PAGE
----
She knew Our Lady’s watchful gaze would give her son peace in his last days. The day after she placed Our Lady’s picture at the foot of her son’s bed, she heard the voice of his stubborn neighbor: “please,” he said, “bring the picture closer to me. I want to look at the Lady.” 

Surprised but willing, Maria placed the picture in the middle of the two suffering men. 

After three days of letting the nearby picture of Our Lady touch his heart as he gazed into Her eyes, the suffering patient relented. “Please,” he called out, “bring me the priest. I want to receive the sacraments.”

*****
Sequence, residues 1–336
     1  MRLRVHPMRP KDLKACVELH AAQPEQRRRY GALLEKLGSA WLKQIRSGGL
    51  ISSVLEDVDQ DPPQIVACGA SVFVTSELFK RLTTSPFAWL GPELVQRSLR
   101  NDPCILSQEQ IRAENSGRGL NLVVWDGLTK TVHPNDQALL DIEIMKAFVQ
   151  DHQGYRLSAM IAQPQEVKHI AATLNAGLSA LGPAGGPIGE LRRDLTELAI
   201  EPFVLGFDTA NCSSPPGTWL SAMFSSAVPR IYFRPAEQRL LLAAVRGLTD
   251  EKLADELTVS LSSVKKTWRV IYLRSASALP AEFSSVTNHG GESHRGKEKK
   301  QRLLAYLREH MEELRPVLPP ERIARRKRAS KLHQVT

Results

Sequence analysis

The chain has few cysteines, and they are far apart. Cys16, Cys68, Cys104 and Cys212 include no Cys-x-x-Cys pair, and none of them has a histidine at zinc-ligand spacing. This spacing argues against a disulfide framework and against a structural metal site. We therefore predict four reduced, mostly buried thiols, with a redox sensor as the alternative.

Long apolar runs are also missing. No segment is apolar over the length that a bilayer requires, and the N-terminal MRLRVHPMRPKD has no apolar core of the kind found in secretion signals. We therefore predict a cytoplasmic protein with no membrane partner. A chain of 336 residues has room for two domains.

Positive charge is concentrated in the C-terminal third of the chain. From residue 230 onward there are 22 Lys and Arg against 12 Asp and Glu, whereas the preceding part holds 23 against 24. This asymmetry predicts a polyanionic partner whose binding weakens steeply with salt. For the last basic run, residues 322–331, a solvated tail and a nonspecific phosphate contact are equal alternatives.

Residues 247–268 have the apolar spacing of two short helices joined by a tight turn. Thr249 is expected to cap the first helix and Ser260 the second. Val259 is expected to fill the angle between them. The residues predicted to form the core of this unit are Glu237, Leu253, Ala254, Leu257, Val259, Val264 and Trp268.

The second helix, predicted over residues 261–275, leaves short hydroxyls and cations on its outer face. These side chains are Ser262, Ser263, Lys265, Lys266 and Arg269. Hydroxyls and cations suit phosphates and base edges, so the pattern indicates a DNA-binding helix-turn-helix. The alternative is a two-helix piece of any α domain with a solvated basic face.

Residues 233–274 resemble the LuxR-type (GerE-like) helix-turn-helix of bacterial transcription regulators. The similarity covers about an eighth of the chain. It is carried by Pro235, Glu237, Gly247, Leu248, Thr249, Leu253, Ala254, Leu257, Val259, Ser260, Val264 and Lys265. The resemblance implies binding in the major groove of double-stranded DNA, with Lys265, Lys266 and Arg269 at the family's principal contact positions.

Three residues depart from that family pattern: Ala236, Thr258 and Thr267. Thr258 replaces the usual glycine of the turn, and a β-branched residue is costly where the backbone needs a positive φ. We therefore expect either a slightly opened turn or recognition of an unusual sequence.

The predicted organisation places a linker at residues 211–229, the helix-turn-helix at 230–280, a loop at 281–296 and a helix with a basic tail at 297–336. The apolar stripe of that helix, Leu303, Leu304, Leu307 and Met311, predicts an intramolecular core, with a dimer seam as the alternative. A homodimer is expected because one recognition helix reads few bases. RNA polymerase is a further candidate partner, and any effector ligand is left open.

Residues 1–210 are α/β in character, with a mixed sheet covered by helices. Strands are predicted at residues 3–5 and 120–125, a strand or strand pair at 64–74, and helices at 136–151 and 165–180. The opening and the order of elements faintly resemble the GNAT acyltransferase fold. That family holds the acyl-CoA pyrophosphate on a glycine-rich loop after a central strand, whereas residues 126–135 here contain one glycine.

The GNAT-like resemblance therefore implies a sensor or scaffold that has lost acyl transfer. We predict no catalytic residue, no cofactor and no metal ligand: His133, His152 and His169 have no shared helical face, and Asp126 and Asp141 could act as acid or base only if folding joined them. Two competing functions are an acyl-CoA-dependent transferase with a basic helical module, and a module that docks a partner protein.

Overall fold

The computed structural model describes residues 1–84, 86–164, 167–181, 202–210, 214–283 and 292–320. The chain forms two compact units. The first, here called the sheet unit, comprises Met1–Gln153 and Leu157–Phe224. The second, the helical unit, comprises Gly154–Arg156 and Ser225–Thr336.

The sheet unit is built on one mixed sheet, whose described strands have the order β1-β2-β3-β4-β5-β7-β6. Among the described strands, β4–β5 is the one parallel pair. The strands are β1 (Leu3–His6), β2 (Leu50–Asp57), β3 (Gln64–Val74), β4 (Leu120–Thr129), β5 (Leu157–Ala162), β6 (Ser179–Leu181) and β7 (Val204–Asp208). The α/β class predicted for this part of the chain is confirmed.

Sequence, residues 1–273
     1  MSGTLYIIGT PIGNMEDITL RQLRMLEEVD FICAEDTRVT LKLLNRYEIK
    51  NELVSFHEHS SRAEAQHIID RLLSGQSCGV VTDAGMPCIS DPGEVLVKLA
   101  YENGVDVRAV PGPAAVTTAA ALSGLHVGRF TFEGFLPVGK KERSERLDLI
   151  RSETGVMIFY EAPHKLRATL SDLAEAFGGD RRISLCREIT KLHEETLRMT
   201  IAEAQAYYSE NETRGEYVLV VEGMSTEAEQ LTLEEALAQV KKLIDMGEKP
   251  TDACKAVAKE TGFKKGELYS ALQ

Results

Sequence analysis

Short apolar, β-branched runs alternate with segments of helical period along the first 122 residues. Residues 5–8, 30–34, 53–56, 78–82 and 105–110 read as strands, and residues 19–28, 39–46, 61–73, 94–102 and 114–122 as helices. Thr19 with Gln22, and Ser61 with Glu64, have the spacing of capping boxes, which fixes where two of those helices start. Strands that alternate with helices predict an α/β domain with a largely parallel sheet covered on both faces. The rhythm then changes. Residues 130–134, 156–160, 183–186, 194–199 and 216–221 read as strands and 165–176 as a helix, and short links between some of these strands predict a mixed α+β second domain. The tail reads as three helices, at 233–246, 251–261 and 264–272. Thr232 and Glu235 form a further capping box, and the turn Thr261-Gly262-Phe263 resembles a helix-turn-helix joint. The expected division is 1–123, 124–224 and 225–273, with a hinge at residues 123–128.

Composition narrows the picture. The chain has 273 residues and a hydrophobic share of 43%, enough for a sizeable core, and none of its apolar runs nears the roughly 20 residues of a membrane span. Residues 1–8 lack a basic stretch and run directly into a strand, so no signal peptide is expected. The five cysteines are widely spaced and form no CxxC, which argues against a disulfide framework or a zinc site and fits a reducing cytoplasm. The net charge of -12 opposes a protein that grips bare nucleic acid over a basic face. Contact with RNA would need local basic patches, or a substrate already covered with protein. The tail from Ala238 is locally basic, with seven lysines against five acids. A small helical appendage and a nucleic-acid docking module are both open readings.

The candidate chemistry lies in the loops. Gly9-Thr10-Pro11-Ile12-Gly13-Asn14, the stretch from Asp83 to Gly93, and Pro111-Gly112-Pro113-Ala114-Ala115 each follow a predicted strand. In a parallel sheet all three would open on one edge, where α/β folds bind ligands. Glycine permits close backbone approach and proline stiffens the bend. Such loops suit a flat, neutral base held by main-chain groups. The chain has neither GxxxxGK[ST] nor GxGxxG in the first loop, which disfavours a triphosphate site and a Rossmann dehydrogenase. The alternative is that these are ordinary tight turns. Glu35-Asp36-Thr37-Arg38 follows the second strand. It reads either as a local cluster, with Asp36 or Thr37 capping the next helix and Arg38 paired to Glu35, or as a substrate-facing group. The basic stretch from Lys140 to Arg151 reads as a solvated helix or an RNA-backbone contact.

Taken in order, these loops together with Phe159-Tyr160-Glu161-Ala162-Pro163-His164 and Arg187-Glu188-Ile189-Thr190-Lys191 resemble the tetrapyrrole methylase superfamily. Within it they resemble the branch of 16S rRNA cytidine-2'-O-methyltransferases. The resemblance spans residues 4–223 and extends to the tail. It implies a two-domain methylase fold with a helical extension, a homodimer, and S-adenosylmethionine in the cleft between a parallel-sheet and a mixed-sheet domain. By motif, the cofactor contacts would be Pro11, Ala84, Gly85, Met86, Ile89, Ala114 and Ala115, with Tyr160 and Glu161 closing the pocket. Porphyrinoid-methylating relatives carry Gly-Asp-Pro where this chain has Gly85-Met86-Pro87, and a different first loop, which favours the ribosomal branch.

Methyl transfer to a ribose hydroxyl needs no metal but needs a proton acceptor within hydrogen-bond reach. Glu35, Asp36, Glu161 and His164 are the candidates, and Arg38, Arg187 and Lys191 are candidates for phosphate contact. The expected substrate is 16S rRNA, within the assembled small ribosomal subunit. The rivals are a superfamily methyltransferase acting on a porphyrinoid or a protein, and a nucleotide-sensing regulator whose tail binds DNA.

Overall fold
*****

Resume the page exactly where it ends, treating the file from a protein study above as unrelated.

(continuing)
A few days later, the young man died a Catholic. With a simple picture of Our Lady of Fatima, God touched a heart and saved a soul. 

 By Catherine Ferdinand

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“What is that?” Asked a curious voice as America Needs Fatima custodian Jose Ferraz stepped into the hotel elevator in Altamonte Springs, Florida. “This is the Pilgrim statue of Our Lady of Fatima,” replied Mr. Ferraz, “I take Her to visit people in their homes to spread the Fatima message.” He then handed the woman, who was a maid at the hotel, America Needs Fatima’s most popular picture.